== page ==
From historic wildfires to the unprecedented effects of a global pandemic, 2020 had many surprises in store for grape growers. We’re looking back on an eventful year with industry leaders who’ve had a front-row seat.
In this interview we’ll hear from Vicky Scharlau, executive director of the Washington Winegrowers Association since 1999. Scharlau is a longtime industry professional with more than 40 years of years of experience across the U.S. and Mexico.
What notable events affected vineyards in 2020?
You can’t talk about 2020 without first talking about the end of 2019. Washington vineyards were hit with two freezes before the end of harvest, and suffered up to 30% damage to the crop. The wine industry was facing an oversupply: at the annual convention, Washington growers were being told to pull out 8,000 to 10,000 acres of vines to get the marketplace back in balance.
That was in early March. When COVID-19 hit, wine sales went up while people were home quarantining, and there was hope that pandemic would aid in reducing the stockpile—but that trend didn’t continue.
In July and August, the wildfires began, and the prolonged and heavy smoke exposure ruined many farmer’s entire grape crop. Fermentation can take a small amount of the smoke taint out of a load of grapes, or the wine can be mixed with other untainted wine, but often the fermentation process makes the smoke effects worse.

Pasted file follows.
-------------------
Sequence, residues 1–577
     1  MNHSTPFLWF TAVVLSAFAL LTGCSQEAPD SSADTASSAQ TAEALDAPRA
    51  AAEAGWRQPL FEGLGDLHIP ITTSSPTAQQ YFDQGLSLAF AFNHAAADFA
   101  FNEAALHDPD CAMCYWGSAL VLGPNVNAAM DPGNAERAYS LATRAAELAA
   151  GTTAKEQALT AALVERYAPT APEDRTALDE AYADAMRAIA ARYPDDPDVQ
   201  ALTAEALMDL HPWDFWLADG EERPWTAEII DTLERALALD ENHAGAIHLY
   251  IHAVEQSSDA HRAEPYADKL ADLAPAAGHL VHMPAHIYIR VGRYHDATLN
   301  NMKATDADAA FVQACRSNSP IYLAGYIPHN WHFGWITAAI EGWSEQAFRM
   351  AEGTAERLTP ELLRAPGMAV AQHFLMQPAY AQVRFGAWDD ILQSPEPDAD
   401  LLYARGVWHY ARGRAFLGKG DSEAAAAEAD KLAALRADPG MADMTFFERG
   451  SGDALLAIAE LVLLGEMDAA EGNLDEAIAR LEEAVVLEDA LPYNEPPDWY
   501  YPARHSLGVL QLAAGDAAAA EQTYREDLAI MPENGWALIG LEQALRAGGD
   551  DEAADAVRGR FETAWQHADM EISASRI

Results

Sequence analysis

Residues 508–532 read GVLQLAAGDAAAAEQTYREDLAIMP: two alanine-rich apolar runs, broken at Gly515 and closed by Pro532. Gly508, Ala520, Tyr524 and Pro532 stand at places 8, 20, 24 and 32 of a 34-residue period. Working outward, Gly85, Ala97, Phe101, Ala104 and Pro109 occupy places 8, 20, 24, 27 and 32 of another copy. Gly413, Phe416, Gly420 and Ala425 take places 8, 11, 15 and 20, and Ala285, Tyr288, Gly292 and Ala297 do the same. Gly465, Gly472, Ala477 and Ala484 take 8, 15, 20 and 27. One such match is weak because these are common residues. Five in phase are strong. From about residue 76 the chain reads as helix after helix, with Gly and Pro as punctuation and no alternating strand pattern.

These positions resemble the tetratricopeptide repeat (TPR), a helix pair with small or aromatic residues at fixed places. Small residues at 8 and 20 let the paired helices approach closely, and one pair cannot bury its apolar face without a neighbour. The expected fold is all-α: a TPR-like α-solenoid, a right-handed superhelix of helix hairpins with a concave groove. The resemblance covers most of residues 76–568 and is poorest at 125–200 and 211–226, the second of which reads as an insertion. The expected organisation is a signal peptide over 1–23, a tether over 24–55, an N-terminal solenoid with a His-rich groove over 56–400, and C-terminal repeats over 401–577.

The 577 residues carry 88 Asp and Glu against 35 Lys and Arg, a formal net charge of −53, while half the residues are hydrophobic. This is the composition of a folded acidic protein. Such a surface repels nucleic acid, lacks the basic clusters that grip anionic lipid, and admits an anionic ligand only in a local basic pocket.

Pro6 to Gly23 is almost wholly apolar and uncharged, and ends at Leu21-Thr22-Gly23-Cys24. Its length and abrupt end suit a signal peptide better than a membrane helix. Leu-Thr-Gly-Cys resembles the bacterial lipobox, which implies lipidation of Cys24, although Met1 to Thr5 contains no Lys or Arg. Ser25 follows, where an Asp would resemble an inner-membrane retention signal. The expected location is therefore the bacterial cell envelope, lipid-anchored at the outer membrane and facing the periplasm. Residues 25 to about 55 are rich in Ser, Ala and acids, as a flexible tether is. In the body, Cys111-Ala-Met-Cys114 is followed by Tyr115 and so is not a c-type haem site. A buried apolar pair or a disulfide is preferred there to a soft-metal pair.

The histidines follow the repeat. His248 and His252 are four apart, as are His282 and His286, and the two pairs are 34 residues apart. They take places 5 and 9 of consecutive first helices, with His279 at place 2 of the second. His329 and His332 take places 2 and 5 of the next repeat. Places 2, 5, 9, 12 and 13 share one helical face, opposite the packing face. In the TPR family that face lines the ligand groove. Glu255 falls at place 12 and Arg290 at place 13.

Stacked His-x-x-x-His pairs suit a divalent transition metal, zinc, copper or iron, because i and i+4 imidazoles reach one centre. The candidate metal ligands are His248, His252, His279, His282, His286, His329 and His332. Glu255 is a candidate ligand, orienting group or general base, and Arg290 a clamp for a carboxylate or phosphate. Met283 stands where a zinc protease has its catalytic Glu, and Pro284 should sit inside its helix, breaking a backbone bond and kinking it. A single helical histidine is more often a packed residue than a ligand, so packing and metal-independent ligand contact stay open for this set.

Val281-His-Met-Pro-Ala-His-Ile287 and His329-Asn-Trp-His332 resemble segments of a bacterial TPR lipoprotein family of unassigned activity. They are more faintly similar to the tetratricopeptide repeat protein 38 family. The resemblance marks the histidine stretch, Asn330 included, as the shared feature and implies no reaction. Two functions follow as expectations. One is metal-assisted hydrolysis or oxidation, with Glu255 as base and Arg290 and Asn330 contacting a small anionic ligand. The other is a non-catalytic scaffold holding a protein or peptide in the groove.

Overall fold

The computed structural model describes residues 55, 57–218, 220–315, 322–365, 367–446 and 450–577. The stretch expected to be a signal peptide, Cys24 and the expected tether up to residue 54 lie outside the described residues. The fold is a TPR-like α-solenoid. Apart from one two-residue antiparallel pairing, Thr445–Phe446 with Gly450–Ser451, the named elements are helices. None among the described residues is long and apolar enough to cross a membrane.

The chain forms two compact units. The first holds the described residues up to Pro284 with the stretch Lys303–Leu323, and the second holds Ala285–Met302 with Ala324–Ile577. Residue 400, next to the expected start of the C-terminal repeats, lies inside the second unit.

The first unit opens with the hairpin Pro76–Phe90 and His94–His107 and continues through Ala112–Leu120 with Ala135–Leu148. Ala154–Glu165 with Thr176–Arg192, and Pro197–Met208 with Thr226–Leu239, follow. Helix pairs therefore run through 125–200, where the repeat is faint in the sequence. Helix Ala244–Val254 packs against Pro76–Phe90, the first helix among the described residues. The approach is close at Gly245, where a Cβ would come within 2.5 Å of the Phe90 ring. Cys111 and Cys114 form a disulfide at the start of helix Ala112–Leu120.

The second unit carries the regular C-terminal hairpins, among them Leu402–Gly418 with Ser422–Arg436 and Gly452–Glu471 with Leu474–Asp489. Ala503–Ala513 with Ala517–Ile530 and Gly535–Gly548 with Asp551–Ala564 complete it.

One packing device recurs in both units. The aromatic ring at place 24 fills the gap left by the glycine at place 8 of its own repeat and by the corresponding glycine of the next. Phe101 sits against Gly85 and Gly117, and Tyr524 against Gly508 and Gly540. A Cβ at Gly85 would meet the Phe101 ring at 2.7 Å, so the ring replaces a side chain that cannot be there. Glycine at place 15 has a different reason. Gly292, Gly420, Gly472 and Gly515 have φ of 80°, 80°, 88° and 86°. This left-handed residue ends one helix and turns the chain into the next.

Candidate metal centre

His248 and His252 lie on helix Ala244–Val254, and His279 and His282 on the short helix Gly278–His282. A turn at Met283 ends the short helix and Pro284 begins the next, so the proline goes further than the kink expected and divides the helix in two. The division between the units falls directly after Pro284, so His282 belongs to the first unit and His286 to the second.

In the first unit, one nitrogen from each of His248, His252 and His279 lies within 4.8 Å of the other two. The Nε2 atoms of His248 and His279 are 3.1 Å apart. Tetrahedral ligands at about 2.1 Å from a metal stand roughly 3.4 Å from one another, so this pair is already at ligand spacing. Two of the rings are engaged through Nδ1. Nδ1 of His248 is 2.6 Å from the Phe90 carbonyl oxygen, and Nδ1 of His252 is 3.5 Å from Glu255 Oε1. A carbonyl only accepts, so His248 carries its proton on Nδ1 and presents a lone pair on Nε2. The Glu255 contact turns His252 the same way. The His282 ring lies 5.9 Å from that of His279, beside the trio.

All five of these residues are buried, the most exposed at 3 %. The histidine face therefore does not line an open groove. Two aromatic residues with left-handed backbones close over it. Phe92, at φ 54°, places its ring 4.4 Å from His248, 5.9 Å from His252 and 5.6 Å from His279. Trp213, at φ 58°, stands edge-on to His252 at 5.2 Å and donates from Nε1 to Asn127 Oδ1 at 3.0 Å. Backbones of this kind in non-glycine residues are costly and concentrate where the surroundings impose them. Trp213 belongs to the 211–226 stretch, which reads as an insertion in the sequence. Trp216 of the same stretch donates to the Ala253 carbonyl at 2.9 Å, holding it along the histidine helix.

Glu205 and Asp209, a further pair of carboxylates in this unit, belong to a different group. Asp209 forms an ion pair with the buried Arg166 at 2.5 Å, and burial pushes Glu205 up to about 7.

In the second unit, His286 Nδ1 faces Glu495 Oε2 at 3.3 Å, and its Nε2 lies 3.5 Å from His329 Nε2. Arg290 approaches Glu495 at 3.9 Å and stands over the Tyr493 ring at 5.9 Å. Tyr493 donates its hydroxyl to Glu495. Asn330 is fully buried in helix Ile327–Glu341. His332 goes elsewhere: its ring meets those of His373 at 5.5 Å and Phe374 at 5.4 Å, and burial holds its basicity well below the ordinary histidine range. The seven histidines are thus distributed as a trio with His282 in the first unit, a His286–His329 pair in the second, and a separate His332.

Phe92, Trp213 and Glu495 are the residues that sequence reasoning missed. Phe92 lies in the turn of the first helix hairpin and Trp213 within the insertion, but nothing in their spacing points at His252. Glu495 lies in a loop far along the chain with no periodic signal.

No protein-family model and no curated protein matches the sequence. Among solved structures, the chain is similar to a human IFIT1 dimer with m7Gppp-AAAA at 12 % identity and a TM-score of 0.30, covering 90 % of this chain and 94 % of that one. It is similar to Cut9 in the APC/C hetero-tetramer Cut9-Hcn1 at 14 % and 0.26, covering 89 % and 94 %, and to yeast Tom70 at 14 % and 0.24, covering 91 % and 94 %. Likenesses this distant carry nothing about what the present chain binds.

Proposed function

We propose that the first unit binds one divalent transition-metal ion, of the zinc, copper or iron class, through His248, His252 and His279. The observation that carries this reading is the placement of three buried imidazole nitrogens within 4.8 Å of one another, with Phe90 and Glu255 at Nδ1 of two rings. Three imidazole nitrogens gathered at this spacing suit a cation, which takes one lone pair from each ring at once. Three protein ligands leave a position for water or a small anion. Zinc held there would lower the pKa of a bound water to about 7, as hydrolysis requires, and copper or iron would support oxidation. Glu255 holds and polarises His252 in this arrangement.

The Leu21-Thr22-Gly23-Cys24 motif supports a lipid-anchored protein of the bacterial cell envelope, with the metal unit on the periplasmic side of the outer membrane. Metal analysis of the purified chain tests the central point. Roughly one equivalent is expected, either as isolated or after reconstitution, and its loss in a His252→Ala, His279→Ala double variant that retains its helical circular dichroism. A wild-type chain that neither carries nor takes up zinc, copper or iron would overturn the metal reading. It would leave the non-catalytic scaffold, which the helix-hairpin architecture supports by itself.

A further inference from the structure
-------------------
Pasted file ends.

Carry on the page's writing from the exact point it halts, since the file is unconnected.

2020 has not seen the early freezes like 2019, but this year has been an economic challenge and has not provided many positives for grower morale. There were pockets of growers in the state that had the major challenges and are suffering.
Given the impact of these events, what distinguishes the growers who’ve been able to keep their businesses healthy?
It's a classic business question: how did growers plan for the future? Did they diversify their operation, or did they have a financial cushion available to make it through a challenging year? If the balance sheet was strong, and they could curb some of the expenses for the short term, that made a big impact on keeping operations afloat.
In Washington, growers can be very diversified with orchards, cattle, or hops. Being vertically integrated in the wine industry has helped growers survive or thrive through this year. If you are a small grower, it is important to be really good at what you do, by providing value so that people seek out your product through branding.
What trends or changes have you noticed when it comes to irrigation management?
Washington has curious wine growers: we are always looking for new ideas and technologies, and irrigation is always a hot topic amongst the group.
Eastern Washington is arid, so often being in a deficit irrigation situation, it's important to manage the water and put it only where it's needed. The Washington Winegrowers work closely with Washington State University (WSU) Extension on educational events, while the industry has supported research with WSU. The industry creates a list of needs that WSU puts the research projects together and works with the industry to try new technologies.
There are years when we spend a lot of time looking outward, looking at the markets and looking around the world for trends and markets. This year has provided an opportunity to look inward at our business model, the variety mix, where grapes are planted, disease loads, and try to make the business better by taking an introspective view.
Want another take on the year? Read more from Peter Vallis of the San Joaquin Valley Winegrowers Association or Max Jehle of Max Ag Consultants.